Mozambique: MSF teams expand emergency response for flood victims

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Recent floods in Mozambique’s Gaza province have devastated the city of Chokwe, putting the main hospitals and health structures out of action and leaving people in urgent need of medical care. In response, teams from the international medical organisation Médecins Sans Frontières (MSF) are bringing in extra staff and medical supplies, and working to get the health facilities up and running again.

The wards of the city’s 120-bed referral hospital in Chokwe – 225 kilometres of capital Maputo- was deluged with mud and floodwater. MSF teams are working to reopen a section of the hospital, and hope that 10 to 15 beds will be ready for patients in the coming hours.

“More and more people are coming back to a devastated city where public services have not yet been re-established,” says MSF country director Reveka Papadopoulou. “Our teams have witnessed an increased number of severely ill patients who need hospital care.”

Since arriving in Chokwe on 30 January, MSF staff have provided more than 10,000 medical consultations. “We are seeing an average of 700 patients per day, and sometimes more,” says MSF nurse Amelia Macuacua. “We are referring 15 to 20 severely ill patients to other hospitals in the district which are functioning but are already overloaded.”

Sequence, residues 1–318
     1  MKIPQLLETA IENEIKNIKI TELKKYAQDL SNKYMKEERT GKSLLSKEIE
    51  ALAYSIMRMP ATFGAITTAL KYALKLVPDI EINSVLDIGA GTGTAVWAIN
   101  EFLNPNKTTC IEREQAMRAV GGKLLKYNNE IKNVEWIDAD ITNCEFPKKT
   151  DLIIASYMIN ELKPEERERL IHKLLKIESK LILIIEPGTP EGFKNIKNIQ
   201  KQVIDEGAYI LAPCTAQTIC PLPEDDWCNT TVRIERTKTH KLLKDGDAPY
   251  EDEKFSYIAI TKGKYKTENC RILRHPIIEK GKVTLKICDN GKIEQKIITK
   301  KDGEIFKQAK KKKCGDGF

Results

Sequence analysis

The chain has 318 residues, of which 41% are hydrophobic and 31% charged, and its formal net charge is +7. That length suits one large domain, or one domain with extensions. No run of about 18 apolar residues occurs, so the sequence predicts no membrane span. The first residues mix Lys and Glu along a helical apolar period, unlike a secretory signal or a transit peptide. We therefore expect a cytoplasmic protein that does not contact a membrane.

“It took time for the relevant parties to acknowledge the urgent health and sanitation needs,” says Papadopoulou, “but we are now confident that we will see the rural hospital in Chowke open for patients very quickly. Our support will include providing general healthcare and essential medical supplies. We will also work on getting the basic infrastructure – like sanitation and electricity – up and running.”

More than 3,300 of MSF’s medical consultations so far have been for HIV-positive patients in need of antiretroviral medicines or counselling, with 900 for people suffering from malaria.

MSF teams are closely monitoring possible outbreaks of disease in the district. “We are seeing an increased in malaria cases at this point,” says emergency field coordinator Dr Maria-Celeste Edwards. “There is a clear upward tendency compared to last year but we are not yet sure how serious this hike is. The elevated numbers could be partly related to the intensified surveillance.”

MSF is reinforcing its capacity to respond, with more staff on their way to Chokwe and extra medical supplies expected to reach Gaza province this week.


MSF has been working in Mozambique since 1984. The medical organisation provides antiretroviral treatment to 33,000 HIV-positive patients in the country.